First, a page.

In Rhodesia, Prime Minister Ian Smith has blamed Britain for the apparent stalemate in negotiations over the country's proposed transition to black majority rule.
CU: Rhodesia Prime Minister Ian Smith speaking.
SV: newsmen listening (2 shots)
SV: Smith speaking
TRANSCRIPT SEQ 1: SMITH: "The hostile reaction of the British government to any internal settlement in Rhodesia is out of keeping with their earlier encouragement of such an agreement. I can conclude that the British government have now become completely behoven to the Patriotic Front that unholy alliance of terrorists and to the black presidents who give them their orders. Mr Richard told us quite openly that in his view the only settlement would be one acceptable to the black presidents. For this reason Mr Richard and his political masters are doing everything they can to dissuade black Rhodesians from holding internal discussions with ny government. Coul there be any greater indications of the cynical disregard for the real views of the millions of black Rhodesians who do not regard the terrorist leaders as their spokesmen?"
SEQ 3: SMITH: "According to our information we are satisfied that the vast mass of the children were taken at gunpoint that they were given no option. However, as you will have noted from recent reports a number of things are happening which we hope will help to clear the air, and it is possible that some of the parents of these children will be taken to Botswana, where they will be given an opportunity to speak to their children. And I hope that under the impartial eye of the Red Cross we may be able to get the correct answer. But I would point out to you that even if some of these children were forcibly extricated at the time it is possible that now in the euphoric atmosphere in which they find themselves, and in the company of terrorists, that some of them may have changed their minds because of the circumstances under which they have been living for a few days now bearing in mind that they are young, immature people."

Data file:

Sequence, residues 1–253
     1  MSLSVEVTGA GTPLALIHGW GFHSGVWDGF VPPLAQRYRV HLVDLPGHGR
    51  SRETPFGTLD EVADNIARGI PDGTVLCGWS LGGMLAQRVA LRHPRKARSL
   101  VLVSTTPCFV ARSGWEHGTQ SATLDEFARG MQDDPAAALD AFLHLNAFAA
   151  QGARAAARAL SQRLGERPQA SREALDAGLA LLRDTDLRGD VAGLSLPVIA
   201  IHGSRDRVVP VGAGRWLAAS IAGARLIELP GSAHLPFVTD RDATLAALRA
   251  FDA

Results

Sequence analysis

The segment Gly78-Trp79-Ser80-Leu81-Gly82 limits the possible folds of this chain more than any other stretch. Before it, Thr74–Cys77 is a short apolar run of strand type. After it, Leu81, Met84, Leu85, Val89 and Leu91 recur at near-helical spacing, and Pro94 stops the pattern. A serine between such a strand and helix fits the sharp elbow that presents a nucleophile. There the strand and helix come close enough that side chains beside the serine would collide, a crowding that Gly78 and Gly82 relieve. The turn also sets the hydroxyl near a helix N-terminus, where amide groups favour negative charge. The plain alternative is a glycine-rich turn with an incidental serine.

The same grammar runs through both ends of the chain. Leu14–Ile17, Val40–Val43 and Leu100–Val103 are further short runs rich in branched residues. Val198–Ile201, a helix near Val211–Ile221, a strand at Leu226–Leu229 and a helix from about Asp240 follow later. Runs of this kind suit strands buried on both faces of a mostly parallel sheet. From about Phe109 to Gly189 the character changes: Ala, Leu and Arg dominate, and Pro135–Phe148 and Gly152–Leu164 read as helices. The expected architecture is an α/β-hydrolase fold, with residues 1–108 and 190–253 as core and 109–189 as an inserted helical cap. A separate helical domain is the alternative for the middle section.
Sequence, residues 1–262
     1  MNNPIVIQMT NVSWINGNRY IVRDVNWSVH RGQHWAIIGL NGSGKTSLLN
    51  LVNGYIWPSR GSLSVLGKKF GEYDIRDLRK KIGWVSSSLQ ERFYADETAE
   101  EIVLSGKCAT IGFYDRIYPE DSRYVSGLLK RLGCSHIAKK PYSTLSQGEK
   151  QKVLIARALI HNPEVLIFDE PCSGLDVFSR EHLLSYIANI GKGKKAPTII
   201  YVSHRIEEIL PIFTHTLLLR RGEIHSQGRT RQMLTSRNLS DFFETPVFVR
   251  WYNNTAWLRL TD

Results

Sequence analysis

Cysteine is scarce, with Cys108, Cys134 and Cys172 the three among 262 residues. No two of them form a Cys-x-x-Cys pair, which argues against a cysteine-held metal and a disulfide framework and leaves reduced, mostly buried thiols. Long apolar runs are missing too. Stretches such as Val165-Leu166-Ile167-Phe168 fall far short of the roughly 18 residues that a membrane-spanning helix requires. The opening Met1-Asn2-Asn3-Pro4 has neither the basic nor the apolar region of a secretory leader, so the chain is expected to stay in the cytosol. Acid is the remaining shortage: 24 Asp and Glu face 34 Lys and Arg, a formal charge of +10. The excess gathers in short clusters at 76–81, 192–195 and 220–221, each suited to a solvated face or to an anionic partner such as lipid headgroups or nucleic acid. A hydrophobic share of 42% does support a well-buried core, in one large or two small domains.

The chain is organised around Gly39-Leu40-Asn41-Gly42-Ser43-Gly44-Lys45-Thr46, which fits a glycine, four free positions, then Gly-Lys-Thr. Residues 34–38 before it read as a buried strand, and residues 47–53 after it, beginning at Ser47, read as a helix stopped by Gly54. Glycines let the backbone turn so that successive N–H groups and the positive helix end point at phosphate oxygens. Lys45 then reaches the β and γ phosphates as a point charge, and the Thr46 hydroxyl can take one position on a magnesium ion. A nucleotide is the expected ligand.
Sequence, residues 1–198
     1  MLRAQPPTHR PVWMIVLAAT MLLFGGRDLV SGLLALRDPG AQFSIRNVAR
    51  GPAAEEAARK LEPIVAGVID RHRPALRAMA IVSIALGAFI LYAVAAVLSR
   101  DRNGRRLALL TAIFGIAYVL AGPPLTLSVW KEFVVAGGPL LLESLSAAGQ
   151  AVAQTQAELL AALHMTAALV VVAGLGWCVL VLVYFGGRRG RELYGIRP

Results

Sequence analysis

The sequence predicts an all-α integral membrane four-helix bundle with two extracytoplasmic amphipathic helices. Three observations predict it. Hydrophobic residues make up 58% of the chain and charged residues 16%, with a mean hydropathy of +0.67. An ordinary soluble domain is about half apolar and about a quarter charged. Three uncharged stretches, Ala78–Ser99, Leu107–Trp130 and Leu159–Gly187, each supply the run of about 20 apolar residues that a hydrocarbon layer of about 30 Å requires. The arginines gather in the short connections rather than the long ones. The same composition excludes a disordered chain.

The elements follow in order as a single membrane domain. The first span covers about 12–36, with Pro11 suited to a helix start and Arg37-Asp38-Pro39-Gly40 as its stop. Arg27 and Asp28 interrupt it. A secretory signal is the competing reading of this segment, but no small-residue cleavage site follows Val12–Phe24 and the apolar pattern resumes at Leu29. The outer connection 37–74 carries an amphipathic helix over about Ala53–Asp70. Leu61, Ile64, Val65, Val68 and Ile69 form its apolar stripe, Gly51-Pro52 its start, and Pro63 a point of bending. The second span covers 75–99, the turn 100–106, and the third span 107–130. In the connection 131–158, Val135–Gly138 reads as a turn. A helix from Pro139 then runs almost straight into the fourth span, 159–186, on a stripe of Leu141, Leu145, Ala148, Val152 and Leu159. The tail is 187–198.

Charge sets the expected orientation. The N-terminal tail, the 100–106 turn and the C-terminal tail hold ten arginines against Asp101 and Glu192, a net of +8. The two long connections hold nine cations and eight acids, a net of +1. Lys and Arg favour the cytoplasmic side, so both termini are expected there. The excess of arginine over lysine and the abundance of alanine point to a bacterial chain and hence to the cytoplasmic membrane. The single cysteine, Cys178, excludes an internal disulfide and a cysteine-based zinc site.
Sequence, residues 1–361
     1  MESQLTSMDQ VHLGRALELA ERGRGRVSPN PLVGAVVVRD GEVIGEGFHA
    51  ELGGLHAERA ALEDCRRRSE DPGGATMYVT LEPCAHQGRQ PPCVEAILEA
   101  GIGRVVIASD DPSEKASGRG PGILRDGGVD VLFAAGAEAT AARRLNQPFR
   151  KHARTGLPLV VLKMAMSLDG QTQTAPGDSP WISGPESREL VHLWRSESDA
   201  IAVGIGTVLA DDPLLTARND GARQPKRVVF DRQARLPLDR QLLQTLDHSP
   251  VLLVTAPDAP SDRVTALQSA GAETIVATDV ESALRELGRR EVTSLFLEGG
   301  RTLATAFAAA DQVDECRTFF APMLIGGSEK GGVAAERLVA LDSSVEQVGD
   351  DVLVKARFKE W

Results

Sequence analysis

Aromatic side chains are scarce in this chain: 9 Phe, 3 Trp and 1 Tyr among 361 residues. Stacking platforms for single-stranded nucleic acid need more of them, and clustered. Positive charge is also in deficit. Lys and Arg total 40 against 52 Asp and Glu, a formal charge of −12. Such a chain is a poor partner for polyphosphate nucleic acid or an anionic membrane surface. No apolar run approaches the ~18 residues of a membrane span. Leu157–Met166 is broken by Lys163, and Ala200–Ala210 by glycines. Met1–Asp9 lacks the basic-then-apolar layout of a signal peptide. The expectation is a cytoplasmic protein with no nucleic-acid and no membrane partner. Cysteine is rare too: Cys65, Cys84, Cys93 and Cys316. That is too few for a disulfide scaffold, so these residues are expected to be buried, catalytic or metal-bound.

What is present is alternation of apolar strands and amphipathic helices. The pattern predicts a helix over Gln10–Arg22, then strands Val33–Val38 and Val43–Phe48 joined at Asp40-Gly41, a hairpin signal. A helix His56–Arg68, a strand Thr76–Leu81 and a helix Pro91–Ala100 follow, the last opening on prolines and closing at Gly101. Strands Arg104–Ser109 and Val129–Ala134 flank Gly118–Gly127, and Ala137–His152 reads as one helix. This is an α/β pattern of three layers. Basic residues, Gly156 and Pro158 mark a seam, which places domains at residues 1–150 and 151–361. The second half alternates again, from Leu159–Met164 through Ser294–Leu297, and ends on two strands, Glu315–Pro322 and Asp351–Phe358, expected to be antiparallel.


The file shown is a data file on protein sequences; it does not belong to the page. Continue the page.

ADDITIONAL INFORMATION During his news conference Prime Minister Smith also said that his security chiefs are satisfied they can contain the rising tide of guerrilla war on Rhodesia's borders indefinitely. He added that he thought failure to reach apolitical settlement with Rhodesian nationalist leaders would not mean any change in the war "if you come here in ten years time things will be pretty much the same" he said. Mr Smith remarks came against a background of intensified guerrilla activity and reports that black African states were sending forces to start an all-out war on the white minority government in Rhodesia.
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Background: In Rhodesia, Prime Minister Ian Smith has blamed Britain for the apparent stalemate in negotiations over the country's proposed transition to black majority rule. Speaking at a news conference in Salisbury on Friday (4 January), Mr smith said that he believes the British government has become behoven to the Patriotic Front nationalist alliance and the black "Front Line" Presidents.
SYNOPSIS: Mr Smith also gave his views on the situation surrounding the 400 schoolchildren who crossed from Rhodesia into Botswana.